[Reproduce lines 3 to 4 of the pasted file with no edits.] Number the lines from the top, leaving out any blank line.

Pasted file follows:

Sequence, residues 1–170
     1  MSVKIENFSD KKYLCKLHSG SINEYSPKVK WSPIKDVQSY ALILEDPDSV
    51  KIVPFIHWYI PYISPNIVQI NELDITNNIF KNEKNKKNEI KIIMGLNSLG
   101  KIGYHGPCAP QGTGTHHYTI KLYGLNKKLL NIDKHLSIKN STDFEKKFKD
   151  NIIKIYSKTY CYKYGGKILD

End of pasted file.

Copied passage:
    51  KIVPFIHWYI PYISPNIVQI NELDITNNIF KNEKNKKNEI KIIMGLNSLG
   101  KIGYHGPCAP QGTGTHHYTI KLYGLNKKLL NIDKHLSIKN STDFEKKFKD